Young girls increasingly harming themselves, ending up in ER

The 15-year-long study looked at girls aged 10-24 who went to the emergency room for attempted suicides, drug overdoses, cutting and other types of self-injury.  

girl sits in a depression on the floor near the wall monochrome


A 15-year-long study from the U.S. Centers for Disease Control and Prevention found that the number of adolescent girls who visit the emergency room after a self-inflicted injury has gone up significantly.

The study looked at girls and boys between the ages of 10 and 24 who went to the emergency room for attempted suicides, drug overdoses, cutting and other types of self injury.

The most surprising increases happened after 2009, with rates of girls aged 10 to 14 increased 18.8 percent per year.

Guy Diamond is the director of family intervention science at Drexel University. He says one contributing factor could be that self-harm has been glamorized in movies and TV, like the popular Netflix series “13 Reasons Why.”

“It’s become a more acceptable coping strategy,” he said.

So why are girls’ rates going up, while boys’ rates are relatively stable?

Sociology professor Carolina Hausmann-Stabile from Bryn Mawr College says some scientists think that with a drastic increase of estrogen around puberty, there’s increased depression. And she says girls internalize violence in their environment, whereas boys often get a pass from society to show anger externally.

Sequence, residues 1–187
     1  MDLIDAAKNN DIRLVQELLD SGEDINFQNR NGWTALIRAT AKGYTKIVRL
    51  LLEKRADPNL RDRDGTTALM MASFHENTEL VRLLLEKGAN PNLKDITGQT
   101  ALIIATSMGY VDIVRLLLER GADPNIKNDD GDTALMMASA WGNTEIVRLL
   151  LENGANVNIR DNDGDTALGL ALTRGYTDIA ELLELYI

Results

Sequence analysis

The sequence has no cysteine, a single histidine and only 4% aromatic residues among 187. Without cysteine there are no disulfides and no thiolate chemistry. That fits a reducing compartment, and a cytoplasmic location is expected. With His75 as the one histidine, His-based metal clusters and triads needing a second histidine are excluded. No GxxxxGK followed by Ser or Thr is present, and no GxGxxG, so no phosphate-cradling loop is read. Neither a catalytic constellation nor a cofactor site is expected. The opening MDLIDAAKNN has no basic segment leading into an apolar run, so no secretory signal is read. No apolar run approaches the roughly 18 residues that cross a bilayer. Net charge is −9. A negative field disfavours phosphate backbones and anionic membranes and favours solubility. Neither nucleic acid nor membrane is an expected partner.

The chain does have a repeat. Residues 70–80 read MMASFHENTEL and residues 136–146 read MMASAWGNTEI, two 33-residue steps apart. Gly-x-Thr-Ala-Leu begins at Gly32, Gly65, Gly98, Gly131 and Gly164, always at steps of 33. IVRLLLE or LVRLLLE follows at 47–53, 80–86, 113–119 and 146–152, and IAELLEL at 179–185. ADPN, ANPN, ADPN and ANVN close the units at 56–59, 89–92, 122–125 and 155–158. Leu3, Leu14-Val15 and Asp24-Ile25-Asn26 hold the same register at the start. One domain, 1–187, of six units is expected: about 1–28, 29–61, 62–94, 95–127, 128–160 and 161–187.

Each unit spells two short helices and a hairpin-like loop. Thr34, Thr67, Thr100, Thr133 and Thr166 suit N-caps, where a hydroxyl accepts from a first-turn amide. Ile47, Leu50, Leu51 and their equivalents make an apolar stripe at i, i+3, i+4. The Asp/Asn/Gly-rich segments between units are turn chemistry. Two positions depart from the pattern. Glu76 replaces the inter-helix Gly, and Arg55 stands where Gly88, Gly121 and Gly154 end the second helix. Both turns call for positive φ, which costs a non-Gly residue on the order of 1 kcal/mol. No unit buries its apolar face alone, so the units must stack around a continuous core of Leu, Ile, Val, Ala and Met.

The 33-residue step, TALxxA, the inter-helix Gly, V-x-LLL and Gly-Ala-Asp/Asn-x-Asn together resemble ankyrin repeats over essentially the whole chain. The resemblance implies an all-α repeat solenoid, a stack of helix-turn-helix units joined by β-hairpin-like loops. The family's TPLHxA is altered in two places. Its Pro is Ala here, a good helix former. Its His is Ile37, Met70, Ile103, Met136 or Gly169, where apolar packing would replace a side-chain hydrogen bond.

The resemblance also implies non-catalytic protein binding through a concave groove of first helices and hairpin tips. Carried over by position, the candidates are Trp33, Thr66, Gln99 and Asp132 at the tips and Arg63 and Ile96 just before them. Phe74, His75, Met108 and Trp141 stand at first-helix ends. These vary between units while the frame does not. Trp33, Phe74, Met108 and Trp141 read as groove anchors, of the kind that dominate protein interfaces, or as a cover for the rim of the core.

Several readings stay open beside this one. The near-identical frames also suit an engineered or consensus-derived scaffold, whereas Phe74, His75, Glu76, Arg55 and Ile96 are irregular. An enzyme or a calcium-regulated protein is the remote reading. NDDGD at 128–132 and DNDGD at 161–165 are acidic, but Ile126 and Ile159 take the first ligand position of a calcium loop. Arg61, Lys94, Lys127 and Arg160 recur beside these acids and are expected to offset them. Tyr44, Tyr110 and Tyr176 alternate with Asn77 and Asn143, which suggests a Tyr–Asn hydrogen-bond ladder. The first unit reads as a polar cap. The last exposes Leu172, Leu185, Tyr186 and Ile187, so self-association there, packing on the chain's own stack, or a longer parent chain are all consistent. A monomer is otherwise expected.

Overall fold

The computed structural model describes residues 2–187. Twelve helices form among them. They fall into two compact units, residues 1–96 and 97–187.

“Many girls direct aggression that they have learned to use in their environments and resolve conflicts through their bodies. So they cut themselves or they attempt suicide,” she said.

Both experts think it’s possible that the numbers could mean that more parents are admitting that their kids harmed themselves — and that more providers are reporting self-harm than before. That may help explain the increase.

Diamond says that decades ago, experts “didn’t believe that a child, or an adolescent was capable of experiencing depression.” With more awareness comes better screening, but it’s still not enough, he says.

Hausmann-Stabile and Diamond agree that as a society, we need more prevention efforts. Diamond says, in particular, we need to train teachers and primary care doctors to screen for the signs of suicide and self harm.

“Most treatment for suicidal patients or clients has been designed for adults,” said Hausmann-Stabile. “We are not prepared to serve these kids.”

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